On the drive to La Grange which was again way out of my way Don and I talked non-stop, he was truly an amazing person. He had dedicated his entire life to helping others, his wife standing strong by his side and doing the same. He has even went to prison for what he believes in. This man is someone I will look up to for the rest of my life. Don not only blessed me with his company and his kindness helping me out on my walk, he gave me a gift I will cherish. He gave me a signed copy of his book I am so looking forward to reading when I finish this walk. God bless Don and his wife Carolyn.
When we got to La Grange I got to meet another amazing couple that ran another Christian community there in La Grange. Anton Flores and his wife greeted us with open arms upon arriving to La Grange let me to tell you I felt very welcomed. They were truly amazing people. I was speechless at the work they do for immigrants in this country. Anton like me is originally from Brooklyn, New York. He is also Puerto Rican like myself. If you know anything about Brooklyn, New York you know we Brooklynites stick together no matter what. It's a bond that is talked about world wide.
We broke bread together as we spoke about the racial problems in La Grange. There had been a wave of home invasions targeting the Latino community seeing a large number of Latinos are illegal and tend not to report crimes to the police out of fear of being deported. Some African Americans homes had been targeted as well and it was suspected that young Black youths were responsible for the invasions. The community was on edge and the racial tension was mounting and Anton decided to take action. He called for unification. He was asking everyone to meet on the streets to try and find solutions to the problems. He had printed up cards to hand out and briefed all the volunteers as to what we were to do. We were to greet people on the streets and speak about the issues. We were to knock on doors inviting people to come out and meet each other and talk about the problems at hand.
Anton Flores in Action!
We weren't many, but we were ready to hit the front lines. Armed only with flashlights, reflective vests and cookies we hit the streets. Understand that though we were walking in peace our lives were on the line. Those that were taking part in the home invasions were armed. A young brother had just been recently shot during a home invasion right where we started this walk. We visited him and he showed up his bullet wound with a smile on his face, I was amazed by this brothers spirit.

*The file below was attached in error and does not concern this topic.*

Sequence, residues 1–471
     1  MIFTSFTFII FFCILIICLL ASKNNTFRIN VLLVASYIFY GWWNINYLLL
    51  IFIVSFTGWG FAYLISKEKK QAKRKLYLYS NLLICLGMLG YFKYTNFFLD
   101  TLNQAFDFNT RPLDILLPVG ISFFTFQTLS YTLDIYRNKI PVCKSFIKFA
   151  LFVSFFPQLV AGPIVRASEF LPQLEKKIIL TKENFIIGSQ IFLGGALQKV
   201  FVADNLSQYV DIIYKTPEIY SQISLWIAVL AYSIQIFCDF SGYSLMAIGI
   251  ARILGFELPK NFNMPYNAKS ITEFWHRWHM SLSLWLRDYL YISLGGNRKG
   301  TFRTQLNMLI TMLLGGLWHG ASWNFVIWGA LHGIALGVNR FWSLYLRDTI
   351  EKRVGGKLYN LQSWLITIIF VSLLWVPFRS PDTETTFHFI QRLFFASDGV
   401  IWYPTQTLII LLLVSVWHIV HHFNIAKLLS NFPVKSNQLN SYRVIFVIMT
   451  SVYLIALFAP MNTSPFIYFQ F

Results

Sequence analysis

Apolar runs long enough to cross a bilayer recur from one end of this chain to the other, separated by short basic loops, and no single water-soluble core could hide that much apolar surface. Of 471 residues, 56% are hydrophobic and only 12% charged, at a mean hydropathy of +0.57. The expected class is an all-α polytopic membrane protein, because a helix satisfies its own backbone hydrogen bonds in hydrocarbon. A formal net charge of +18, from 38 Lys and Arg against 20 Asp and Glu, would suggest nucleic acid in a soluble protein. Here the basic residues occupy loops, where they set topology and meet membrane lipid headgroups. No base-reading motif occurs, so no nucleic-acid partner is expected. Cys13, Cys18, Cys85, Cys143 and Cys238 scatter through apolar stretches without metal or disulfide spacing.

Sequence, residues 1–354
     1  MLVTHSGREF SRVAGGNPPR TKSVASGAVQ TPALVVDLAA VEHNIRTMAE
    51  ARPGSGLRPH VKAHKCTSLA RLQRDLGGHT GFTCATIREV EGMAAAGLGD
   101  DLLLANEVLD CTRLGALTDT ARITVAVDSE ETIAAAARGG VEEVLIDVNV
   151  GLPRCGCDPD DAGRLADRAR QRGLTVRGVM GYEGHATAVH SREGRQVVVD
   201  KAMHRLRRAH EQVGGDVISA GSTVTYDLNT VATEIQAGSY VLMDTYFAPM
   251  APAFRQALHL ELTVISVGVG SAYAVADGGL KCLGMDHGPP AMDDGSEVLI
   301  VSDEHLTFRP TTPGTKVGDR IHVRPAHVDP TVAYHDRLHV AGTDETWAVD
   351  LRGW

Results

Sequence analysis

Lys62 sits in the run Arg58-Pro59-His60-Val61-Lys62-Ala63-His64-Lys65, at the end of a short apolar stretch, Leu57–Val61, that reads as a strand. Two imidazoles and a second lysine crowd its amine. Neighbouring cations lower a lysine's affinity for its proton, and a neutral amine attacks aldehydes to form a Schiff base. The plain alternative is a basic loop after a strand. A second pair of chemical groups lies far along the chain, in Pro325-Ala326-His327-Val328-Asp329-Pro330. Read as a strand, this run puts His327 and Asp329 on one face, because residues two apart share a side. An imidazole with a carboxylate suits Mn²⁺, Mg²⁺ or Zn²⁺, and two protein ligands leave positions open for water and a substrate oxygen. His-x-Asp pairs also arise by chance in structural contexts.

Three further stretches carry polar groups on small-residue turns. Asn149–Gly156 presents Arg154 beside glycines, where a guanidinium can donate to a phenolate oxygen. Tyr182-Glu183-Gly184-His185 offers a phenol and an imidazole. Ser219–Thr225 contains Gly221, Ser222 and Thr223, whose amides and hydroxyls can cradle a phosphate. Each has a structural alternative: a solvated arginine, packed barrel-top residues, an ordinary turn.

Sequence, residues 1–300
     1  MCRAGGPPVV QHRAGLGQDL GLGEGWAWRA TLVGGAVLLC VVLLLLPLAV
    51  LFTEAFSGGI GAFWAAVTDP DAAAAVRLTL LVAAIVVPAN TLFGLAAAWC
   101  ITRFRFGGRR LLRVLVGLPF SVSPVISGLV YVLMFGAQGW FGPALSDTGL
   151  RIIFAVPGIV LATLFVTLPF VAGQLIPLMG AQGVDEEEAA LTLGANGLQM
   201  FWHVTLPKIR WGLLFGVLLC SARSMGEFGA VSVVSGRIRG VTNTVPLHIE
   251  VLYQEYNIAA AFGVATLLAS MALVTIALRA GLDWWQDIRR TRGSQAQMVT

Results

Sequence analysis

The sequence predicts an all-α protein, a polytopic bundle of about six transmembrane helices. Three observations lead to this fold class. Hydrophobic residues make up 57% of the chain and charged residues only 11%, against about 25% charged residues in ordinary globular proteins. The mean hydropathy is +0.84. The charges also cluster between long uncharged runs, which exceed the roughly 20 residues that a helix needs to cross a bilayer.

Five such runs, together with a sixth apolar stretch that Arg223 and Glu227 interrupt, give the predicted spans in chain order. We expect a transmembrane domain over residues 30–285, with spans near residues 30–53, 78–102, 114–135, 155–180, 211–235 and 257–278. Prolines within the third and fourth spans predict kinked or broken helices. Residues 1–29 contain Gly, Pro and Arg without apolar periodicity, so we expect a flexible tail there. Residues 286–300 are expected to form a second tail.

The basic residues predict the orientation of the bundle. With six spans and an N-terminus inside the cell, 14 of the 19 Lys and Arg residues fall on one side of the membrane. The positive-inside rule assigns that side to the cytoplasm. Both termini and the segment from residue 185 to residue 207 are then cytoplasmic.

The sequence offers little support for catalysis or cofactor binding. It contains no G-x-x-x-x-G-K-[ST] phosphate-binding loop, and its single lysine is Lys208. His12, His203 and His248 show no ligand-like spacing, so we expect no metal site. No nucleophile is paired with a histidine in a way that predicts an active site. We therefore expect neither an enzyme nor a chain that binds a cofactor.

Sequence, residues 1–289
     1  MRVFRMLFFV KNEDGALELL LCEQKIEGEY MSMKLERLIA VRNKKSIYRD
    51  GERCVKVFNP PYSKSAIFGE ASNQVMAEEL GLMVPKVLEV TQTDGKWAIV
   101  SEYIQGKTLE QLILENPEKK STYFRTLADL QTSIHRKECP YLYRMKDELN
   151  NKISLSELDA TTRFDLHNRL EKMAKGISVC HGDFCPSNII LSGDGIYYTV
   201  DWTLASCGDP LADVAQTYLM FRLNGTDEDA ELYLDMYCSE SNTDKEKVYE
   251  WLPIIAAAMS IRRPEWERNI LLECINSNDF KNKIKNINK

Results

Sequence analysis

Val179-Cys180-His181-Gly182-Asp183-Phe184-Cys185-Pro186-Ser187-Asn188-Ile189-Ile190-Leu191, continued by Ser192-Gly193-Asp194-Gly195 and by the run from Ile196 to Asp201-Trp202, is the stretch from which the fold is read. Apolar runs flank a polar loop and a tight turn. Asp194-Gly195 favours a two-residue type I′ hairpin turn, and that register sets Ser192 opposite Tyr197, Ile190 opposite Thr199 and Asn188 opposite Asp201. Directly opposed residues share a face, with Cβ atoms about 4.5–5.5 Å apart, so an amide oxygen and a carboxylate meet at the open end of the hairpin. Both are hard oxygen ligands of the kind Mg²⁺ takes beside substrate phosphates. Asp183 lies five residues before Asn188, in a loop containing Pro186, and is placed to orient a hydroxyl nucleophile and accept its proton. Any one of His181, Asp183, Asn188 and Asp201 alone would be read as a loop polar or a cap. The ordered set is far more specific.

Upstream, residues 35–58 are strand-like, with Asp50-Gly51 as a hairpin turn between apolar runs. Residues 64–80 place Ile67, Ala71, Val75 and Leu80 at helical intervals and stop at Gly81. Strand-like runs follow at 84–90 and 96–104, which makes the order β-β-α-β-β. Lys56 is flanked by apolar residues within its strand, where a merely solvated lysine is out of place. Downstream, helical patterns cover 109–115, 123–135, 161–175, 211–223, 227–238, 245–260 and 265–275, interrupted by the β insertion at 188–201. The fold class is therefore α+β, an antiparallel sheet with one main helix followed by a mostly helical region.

I personally took action first approaching a small group of Spanish brothers hanging out in a parking lot drinking some beers after a hard days work. At first I thought they could care less, but I was wrong. I talked to these brothers for like an hour, rapping for them in Spanish and talking about unifying the people of all poor communities. At one point I stepped away from our little cipher to approach two African American brothers I spotted walking to their car. I started telling them who I was and what I was doing there speaking fast on George L. Jackson and the Black Panthers. I spoke on the struggle that lead Huey Newton to build the Panther Party to battle oppression and racism. I spoke on how this struggle was still very much alive and how we needed to come together instead of killing one another. I spoke on how the Brown and Black struggle is one and the same and how this struggle was now also a struggle that included Whites and all races really. It's a struggle of class. These brothers listened and also agreed with much I had to say. I kept their attention for some time with my fast New York speech. I rapped a bit for them and they knew without a doubt I was real with mines. I gave them End the Death Penalty buttons and a hand full of material and asked them to spread the word, that we needed unity to overcome. We exchanged pounds and embraces and they headed out smiling. God is good let me tell you. He was working through me.